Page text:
As the winter of '13-'14 comes to an end, the recent snow and cold may postpone the peak bloom for the nation's famous cherry trees in Washington, D.C.
Japan gave more than 3,000 Yoshino cherry trees to the United States in 1912 to celebrate the relationship between the U.S. and Japan. This gift sparked the creation one of the nation's biggest festivals, the National Cherry Blossom Festival in Washington, D.C., which began in 1927.
"On average, the peak bloom is about April 4, but that, of course, depends on the weather," the Communications Manager for the National Cherry Blossom Festival, Danielle Davis, said.
Cherry blossom trees adorn the walkway along the Potomac River, providing a scenic spring view for visitors. (Photo/Buddy Secor).
The peak bloom date is the day in which at least 70 percent of the blossoms on the trees are open, while the blooming period is when 20 percent of the blossoms are open until the petals appear then fall off, according to the National Park Service. The bloom period starts a few days before the peak and can last up to two weeks.
This year, the peak bloom of the cherry trees is expected to be similar to last year's timeline but later than the normal bloom due to the colder winter air gripping the city this year, according to Davis. This year's peak bloom period is anticipated to be April 8 to 12, 2014.
With more than 1.5 million people expected to attend the festival, the 2014 National Cherry Blossom festival will begin Thursday, March 20, 2014.
The festival will kick off with its annual opening ceremony on Saturday, March 22, 2014, which will highlight both Japanese and American musical artists.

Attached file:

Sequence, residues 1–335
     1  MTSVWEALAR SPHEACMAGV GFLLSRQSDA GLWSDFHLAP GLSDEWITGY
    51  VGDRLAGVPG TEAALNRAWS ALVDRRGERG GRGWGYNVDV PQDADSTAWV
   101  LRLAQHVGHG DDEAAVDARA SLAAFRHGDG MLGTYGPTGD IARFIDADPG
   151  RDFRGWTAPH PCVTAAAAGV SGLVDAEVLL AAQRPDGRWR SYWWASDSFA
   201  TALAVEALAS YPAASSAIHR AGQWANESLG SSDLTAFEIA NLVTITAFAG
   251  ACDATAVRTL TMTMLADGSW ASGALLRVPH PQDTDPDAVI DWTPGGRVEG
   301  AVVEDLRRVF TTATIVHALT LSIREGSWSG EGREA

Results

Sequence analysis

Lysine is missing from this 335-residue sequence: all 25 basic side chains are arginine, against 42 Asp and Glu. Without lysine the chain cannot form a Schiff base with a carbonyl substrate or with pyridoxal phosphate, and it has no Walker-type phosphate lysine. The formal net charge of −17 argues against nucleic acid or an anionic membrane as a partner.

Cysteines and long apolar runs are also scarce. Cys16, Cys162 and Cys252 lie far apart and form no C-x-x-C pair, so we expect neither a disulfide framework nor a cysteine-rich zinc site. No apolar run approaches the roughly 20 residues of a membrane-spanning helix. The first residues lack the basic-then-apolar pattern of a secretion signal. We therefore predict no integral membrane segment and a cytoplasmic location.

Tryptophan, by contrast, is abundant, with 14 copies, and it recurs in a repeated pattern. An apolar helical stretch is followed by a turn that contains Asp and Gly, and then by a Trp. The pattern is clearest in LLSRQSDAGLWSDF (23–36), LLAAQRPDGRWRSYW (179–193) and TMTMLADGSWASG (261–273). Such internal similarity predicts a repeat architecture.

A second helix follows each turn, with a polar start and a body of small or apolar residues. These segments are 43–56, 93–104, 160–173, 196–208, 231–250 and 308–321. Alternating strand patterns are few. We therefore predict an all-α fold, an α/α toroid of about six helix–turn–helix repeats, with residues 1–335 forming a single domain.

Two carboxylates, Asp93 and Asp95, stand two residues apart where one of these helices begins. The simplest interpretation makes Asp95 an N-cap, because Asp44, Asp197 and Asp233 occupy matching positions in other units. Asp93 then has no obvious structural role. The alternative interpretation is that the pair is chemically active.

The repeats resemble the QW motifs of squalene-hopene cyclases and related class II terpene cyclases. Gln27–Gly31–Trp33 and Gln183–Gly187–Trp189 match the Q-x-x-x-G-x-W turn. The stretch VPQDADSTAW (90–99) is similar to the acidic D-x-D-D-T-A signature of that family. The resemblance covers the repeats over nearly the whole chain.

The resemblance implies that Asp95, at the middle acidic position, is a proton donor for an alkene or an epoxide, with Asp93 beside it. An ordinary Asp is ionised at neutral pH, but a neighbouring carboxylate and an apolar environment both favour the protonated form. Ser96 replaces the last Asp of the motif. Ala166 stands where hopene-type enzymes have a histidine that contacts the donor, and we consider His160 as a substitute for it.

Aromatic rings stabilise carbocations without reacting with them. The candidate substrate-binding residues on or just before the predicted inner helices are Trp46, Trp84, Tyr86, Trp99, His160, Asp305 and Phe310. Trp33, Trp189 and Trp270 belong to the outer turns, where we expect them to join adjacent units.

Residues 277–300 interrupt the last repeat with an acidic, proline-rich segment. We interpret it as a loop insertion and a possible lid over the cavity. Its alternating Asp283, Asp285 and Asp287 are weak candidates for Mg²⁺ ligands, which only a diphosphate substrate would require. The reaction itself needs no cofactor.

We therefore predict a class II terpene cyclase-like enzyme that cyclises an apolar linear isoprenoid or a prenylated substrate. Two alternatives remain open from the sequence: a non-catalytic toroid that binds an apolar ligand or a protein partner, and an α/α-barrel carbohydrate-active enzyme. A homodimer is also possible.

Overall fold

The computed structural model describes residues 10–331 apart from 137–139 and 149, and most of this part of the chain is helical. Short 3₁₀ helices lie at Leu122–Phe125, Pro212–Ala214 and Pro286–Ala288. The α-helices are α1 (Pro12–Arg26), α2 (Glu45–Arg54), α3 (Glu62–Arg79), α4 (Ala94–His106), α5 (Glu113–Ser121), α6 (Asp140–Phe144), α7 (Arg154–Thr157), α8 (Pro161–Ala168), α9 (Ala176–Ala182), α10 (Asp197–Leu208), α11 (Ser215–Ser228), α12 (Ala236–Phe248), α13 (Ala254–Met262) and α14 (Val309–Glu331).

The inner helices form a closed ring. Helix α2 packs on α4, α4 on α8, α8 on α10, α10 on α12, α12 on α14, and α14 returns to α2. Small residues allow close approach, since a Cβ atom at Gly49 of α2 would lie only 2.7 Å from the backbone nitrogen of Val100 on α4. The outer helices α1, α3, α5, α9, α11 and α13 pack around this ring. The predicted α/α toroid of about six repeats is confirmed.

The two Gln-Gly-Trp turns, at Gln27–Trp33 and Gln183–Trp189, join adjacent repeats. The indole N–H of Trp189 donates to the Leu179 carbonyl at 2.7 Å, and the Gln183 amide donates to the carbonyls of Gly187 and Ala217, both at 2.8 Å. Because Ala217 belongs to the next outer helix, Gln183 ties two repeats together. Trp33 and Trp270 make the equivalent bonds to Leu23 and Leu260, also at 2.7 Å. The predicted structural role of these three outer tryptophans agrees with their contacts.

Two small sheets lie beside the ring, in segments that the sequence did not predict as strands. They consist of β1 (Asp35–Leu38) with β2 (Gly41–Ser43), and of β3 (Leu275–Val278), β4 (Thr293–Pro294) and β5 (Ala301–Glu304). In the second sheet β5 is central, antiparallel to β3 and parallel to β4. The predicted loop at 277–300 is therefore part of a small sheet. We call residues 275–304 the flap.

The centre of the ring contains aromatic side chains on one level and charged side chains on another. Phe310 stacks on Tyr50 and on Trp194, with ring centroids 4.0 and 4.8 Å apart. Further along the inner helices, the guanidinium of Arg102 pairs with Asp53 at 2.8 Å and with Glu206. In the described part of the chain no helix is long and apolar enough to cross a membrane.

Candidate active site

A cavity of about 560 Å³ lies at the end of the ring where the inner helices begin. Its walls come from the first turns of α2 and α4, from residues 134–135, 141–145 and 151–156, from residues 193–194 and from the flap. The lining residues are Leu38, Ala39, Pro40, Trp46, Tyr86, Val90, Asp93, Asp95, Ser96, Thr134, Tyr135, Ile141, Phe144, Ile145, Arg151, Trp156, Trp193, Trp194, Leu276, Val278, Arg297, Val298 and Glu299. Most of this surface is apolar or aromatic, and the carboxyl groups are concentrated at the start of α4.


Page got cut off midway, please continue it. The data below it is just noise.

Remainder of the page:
Mild weather will grace the ceremony, as spectators gather this weekend to celebrate. However, those attending should bring a rain jacket or umbrella due to the possibility of a few showers during the afternoon.
Dancers pose during the National Cherry Blossom Parade on April 13, 2013. (Photo/Ron Engle)
Following the opening ceremony, the festival will host a slew of events over its 25-day celebration, including a pink tie party fundraiser, family museum days at the National Building Museum, a kite festival, fireworks, a Japanese street festival and the famous National Cherry Blossom Parade.
Airing nationally this year, the parade will take place on Saturday, April 12, 2014, along Constitution Avenue from 7th to 17th streets northwest. The parade will feature multiple celebrities, award-winners and marching bands from across the nation.
Luckily, it looks like the weather will cooperate for this year's parade with highs in the mid-60s.
"It looks like a fairly typical April pattern," AccuWeather Meteorologist Brett Anderson said.
While the weather looks to be optimal for the long-anticipated festival, visitors and residents will have to wait a bit longer this year for the actual bloom of the historic cherry blossom trees.
While prospects for a white Christmas are grim along the I-95 corridor, many communities from the Great Lakes to the Rockies should be able enjoy a snowy scene for the holiday.
People who are dreaming of a white Christmas across the interior Northwest may see their dreams come true this year as another storm impacts the region.
While snow falling around the Christmas holiday may create an ideal setting for celebrations, massive storms that have slammed parts of the country in the last decade have created mass chaos.
Rain and thunderstorms, some capable of producing severe weather, will affect much of the South from Tuesday into Christmas Eve.
Several fast-moving storm systems will bring windy and wet weather to the British Isles and northern Europe.
A storm bearing gusty winds, heavy snow, torrential rain, thunderstorms and fog will converge on the East and Midwest on Christmas Eve and will likely create ground and flight delays.
Elk Park, MT (1983)
Unofficially -64 degrees F. (nation's all time record low is -70 degrees F.).
New Orleans, LA (1989)
1" of snow.
Chicago, IL (1993)
Only 0.2" of snow to this point in the season an all time low for so late in the season.